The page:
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Title: Artificial Intelligence and the Future of Work: Mitigating AI-Induced Unemployment through Strategic Policy Implementation
Authors: Miller, Duncan
Advisors: Kelts, Steven
Department: Princeton School of Public and International Affairs
Class Year: 2024
Abstract: AI technologies in businesses will have on employees. Many scholars and pundits are predicting that AI could lead to substantial technological unemployment in the near future. This paper seeks to answer the following research question: What effect will the implementation of AI technologies have on employment and in what way can policy be adopted to minimize the risk of future large scale unemployment? Through an extensive investigation and analysis of the leading scholarly papers in this field the conclusion was reached that the current trajectory of AI adoption by businesses is likely to lead to substantial short term frictional unemployment. However, this scenario can be avoided if businesses implement AI in such a way as to compliment workers instead of automating their jobs. By complimenting the work of current employees, AI technology can increase their marginal productivity and automate the routine tasks whilst increasing overall output for businesses. This scenario is unlikely to occur unless policy is implemented to steer the adoption of AI in this direction. Workers will also need to be re-skilled in key human, niche technical, and conceptual skills in order to most effectively complement AI technology. This thesis has concluded that whilst the current future for AI and workers is not encouraging, with the correct implementation of policy, a more promising future may be ahead.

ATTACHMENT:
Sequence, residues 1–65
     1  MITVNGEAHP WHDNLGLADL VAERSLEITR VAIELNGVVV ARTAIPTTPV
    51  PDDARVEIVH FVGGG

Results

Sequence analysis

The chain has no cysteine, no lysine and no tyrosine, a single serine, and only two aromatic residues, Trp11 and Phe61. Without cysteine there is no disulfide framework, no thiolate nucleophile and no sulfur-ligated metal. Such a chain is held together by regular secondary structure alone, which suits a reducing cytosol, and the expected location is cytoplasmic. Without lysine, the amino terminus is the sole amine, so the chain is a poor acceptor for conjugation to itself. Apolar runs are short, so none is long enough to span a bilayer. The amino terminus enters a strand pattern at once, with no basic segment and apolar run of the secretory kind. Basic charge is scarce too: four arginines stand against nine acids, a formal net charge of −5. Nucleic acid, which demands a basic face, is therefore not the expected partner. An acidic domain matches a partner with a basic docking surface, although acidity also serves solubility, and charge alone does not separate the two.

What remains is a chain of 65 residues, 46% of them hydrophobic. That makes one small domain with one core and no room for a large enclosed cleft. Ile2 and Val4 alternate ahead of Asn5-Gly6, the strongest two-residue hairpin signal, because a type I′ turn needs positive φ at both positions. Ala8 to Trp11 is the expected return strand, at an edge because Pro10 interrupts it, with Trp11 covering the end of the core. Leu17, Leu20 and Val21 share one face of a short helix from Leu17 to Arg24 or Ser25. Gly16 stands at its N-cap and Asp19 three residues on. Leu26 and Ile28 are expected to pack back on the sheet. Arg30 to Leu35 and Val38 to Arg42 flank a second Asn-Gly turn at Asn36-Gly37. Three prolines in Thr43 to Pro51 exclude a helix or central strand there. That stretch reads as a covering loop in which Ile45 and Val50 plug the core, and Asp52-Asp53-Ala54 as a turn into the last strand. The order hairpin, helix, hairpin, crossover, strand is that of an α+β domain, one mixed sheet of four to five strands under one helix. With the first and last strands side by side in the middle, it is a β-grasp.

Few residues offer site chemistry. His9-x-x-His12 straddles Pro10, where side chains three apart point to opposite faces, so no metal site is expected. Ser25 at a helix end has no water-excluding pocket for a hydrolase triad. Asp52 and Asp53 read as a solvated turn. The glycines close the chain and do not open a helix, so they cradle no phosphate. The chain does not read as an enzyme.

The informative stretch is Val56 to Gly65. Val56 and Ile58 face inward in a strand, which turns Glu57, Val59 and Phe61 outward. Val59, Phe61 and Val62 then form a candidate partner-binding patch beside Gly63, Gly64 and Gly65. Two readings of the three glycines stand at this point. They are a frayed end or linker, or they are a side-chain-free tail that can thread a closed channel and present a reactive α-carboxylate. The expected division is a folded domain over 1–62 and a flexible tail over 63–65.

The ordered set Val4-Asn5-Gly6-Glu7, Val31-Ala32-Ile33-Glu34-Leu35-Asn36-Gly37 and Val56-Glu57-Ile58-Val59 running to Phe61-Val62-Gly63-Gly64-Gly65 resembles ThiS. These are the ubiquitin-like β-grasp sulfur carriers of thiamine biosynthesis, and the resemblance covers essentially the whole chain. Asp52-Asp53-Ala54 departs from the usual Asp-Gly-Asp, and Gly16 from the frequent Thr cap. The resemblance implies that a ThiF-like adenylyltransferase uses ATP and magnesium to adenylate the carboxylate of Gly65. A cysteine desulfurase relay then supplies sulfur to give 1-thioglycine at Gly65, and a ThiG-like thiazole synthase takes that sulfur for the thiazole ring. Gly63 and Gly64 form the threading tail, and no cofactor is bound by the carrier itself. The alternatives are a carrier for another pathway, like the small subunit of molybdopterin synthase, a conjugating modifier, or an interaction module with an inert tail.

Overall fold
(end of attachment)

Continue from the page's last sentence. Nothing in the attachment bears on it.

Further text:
Type of Material: Princeton University Senior Theses
Language: en
Appears in Collections:Princeton School of Public and International Affairs, 1929-2024

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